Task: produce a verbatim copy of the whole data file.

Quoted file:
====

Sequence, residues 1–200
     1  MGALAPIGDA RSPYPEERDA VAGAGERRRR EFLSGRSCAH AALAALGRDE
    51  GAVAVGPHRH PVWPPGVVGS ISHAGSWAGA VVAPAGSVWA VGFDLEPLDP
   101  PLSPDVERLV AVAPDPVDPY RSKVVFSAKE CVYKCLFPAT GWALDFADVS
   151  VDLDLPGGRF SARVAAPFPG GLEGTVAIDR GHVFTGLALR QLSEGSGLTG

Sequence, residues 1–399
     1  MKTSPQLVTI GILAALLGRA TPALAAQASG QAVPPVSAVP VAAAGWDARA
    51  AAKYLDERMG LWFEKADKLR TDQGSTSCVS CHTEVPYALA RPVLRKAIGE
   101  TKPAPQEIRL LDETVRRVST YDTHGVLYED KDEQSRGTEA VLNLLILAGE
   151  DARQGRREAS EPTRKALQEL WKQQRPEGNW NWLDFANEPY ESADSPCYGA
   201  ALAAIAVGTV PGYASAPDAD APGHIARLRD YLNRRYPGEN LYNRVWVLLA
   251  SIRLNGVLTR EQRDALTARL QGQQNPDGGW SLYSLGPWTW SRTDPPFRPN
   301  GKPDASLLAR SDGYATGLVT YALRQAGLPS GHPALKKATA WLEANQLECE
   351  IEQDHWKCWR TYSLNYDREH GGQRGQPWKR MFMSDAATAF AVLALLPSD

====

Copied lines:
Sequence, residues 1–200
     1  MGALAPIGDA RSPYPEERDA VAGAGERRRR EFLSGRSCAH AALAALGRDE
    51  GAVAVGPHRH PVWPPGVVGS ISHAGSWAGA VVAPAGSVWA VGFDLEPLDP
   101  PLSPDVERLV AVAPDPVDPY RSKVVFSAKE CVYKCLFPAT GWALDFADVS
   151  VDLDLPGGRF SARVAAPFPG GLEGTVAIDR GHVFTGLALR QLSEGSGLTG

Sequence, residues 1–399
     1  MKTSPQLVTI GILAALLGRA TPALAAQASG QAVPPVSAVP VAAAGWDARA
    51  AAKYLDERMG LWFEKADKLR TDQGSTSCVS CHTEVPYALA RPVLRKAIGE
   101  TKPAPQEIRL LDETVRRVST YDTHGVLYED KDEQSRGTEA VLNLLILAGE
   151  DARQGRREAS EPTRKALQEL WKQQRPEGNW NWLDFANEPY ESADSPCYGA
   201  ALAAIAVGTV PGYASAPDAD APGHIARLRD YLNRRYPGEN LYNRVWVLLA
   251  SIRLNGVLTR EQRDALTARL QGQQNPDGGW SLYSLGPWTW SRTDPPFRPN
   301  GKPDASLLAR SDGYATGLVT YALRQAGLPS GHPALKKATA WLEANQLECE
   351  IEQDHWKCWR TYSLNYDREH GGQRGQPWKR MFMSDAATAF AVLALLPSD